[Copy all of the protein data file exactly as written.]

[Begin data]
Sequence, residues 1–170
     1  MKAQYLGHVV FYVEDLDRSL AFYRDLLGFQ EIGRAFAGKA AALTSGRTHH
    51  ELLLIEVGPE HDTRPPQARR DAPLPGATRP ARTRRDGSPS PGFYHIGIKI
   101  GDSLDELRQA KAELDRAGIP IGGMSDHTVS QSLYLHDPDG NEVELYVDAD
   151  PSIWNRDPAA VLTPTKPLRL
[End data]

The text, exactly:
Sequence, residues 1–170
     1  MKAQYLGHVV FYVEDLDRSL AFYRDLLGFQ EIGRAFAGKA AALTSGRTHH
    51  ELLLIEVGPE HDTRPPQARR DAPLPGATRP ARTRRDGSPS PGFYHIGIKI
   101  GDSLDELRQA KAELDRAGIP IGGMSDHTVS QSLYLHDPDG NEVELYVDAD
   151  PSIWNRDPAA VLTPTKPLRL